Other than that, there's no special names for segments or memory blocks unless you want to use cc65 (it expects a bunch of specifically named segments by default, but they can all be changed). MEMORY regions can share the same names as SEGMENTS (i.e. they're different namespaces), but I always keep them unique, myself, for no particular reason.

See: ca65 docs: .segment

If you use .segment once with zeropage, it should generate an error if you ever forget to use zeropage anywhere else (this is checked globally by the linker), so there is a good amount of safety checks against doing it wrong. As long as you remember at least once, you're safe.

I tend to put all my allocations together in one file, so I forget about these rules; I don't have to think about them often. :P Usually I just name the zeropage segment "ZEROPAGE" so I don't have to remember this rule.


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PostPosted: Tue Nov 03, 2015 2:15 pm 
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rainwarrior wrote:
Otherwise you have to manually do it:
Code:
.segment "ZP": zeropage

Wait, what's the point of having type = zp in the segment definitions then?

Quote:
Usually I just name the zeropage segment "ZEROPAGE" so I don't have to remember this rule.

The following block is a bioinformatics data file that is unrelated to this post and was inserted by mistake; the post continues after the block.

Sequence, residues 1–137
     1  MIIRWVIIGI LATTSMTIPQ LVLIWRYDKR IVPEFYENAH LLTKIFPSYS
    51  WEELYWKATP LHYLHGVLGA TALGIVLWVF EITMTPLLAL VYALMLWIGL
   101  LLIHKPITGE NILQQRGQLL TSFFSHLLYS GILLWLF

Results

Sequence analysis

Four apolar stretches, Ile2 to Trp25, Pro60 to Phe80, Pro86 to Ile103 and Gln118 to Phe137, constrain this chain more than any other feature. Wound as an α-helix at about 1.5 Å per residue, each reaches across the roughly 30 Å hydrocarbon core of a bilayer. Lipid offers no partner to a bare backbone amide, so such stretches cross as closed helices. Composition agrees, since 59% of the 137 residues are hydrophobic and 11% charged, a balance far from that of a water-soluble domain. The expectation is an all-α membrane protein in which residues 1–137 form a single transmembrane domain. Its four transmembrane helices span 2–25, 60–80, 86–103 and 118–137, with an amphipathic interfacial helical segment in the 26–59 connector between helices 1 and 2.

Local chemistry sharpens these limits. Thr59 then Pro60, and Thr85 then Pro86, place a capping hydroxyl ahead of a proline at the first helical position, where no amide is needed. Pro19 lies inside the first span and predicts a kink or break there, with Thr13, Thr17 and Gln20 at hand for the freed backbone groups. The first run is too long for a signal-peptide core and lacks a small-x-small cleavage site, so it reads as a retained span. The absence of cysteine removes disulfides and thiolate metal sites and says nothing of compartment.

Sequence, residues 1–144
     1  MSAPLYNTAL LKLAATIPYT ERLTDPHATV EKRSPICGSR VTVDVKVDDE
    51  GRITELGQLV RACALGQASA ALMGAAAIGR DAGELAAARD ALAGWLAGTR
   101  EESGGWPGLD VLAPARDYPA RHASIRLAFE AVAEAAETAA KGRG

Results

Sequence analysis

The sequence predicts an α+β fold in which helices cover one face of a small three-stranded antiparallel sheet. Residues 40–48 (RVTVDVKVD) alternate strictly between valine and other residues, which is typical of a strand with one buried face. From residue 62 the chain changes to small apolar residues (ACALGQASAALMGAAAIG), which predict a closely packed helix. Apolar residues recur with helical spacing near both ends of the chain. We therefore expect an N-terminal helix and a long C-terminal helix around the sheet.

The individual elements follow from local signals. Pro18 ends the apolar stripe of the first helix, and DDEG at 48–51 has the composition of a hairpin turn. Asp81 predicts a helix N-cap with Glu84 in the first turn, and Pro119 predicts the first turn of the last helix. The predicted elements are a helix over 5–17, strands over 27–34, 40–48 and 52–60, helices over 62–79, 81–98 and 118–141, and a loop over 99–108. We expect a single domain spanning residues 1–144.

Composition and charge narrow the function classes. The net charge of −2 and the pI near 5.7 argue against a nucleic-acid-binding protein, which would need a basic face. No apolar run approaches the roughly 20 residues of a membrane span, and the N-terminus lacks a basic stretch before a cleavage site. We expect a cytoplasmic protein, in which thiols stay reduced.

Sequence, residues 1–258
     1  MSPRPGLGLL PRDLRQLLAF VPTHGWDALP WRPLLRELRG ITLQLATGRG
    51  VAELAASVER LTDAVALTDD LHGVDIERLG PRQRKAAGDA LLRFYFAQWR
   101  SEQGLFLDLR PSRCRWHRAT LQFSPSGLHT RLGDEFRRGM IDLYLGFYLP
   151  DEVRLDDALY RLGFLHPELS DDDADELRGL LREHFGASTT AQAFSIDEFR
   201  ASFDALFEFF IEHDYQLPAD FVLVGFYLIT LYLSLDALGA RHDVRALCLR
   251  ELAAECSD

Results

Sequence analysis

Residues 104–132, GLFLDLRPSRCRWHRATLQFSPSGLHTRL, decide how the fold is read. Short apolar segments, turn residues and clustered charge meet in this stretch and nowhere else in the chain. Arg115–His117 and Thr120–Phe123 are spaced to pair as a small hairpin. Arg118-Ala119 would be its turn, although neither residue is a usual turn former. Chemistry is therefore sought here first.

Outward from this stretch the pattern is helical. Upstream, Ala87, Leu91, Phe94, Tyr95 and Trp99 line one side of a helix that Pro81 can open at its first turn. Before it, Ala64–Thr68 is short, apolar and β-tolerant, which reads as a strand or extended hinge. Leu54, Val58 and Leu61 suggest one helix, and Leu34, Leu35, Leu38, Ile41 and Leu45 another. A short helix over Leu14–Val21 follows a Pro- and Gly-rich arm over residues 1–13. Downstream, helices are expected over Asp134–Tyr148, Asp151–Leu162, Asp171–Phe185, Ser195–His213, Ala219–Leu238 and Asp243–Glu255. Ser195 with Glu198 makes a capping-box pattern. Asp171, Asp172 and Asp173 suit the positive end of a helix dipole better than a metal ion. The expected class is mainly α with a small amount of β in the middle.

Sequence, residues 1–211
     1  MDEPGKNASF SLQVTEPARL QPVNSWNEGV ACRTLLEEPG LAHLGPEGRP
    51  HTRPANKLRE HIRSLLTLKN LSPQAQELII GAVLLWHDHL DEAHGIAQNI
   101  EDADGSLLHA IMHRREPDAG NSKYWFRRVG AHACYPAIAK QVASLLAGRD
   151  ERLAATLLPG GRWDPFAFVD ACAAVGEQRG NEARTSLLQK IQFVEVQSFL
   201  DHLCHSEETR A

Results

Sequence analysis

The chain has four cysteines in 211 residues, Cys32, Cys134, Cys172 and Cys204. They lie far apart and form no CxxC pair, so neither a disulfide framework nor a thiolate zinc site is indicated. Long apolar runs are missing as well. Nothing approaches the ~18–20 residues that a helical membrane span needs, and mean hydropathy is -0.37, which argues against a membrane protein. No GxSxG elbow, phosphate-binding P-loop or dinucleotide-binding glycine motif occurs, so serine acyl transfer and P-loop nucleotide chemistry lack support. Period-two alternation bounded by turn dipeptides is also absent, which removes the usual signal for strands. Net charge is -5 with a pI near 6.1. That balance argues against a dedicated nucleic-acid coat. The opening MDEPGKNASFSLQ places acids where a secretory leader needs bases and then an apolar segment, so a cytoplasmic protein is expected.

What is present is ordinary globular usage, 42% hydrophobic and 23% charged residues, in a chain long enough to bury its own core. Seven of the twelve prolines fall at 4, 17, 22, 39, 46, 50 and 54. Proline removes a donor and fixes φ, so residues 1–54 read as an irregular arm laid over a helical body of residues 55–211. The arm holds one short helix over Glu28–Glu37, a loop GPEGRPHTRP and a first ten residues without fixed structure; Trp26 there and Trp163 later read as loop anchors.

I can't do that because ZP, like the rest of RAM, is divided into permanent and temporary sections, so I'll have several references to it. Do I need write : zeropage every time I switch to one of these segments? This isn't so bad, I just want to be sure it's necessary.


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PostPosted: Tue Nov 03, 2015 3:25 pm 
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tokumaru wrote:
Wait, what's the point of having type = zp in the segment definitions then?

Not really certain, but the types are ro/rw/bss/zp. Both bss and zp seem to have the same function (i.e. they enforce no initialized data in the segment). I wish it also made the linker enforce the missing "zeropage" on .segment but it does not appear to. Actually, I think I'll suggest this to the list...

tokumaru wrote:
Do I need write : zeropage every time I switch to one of these segments? This isn't so bad, I just want to be sure it's necessary.

Yes, but as long as you remember to do it once, assembler/linker errors will enforce that you do it everywhere else that's needed.


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PostPosted: Tue Nov 03, 2015 3:47 pm 
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That's not how I understand the docs. You only have to declare a segment as : zeropage the first time. The docs give this example:
Code:
.segment "ROM2"                 ; Switch to ROM2 segment
.segment "ZP2": zeropage        ; New direct segment
.segment "ZP2"                  ; Ok, will use last attribute
.segment "ZP2": absolute        ; zp2.s(4): Error: Segment attribute mismatch

So you might define each zeropage segment by switching to it once in a global file that all your .s files .include:
Code:
.pushseg
.segment "ZP1": zeropage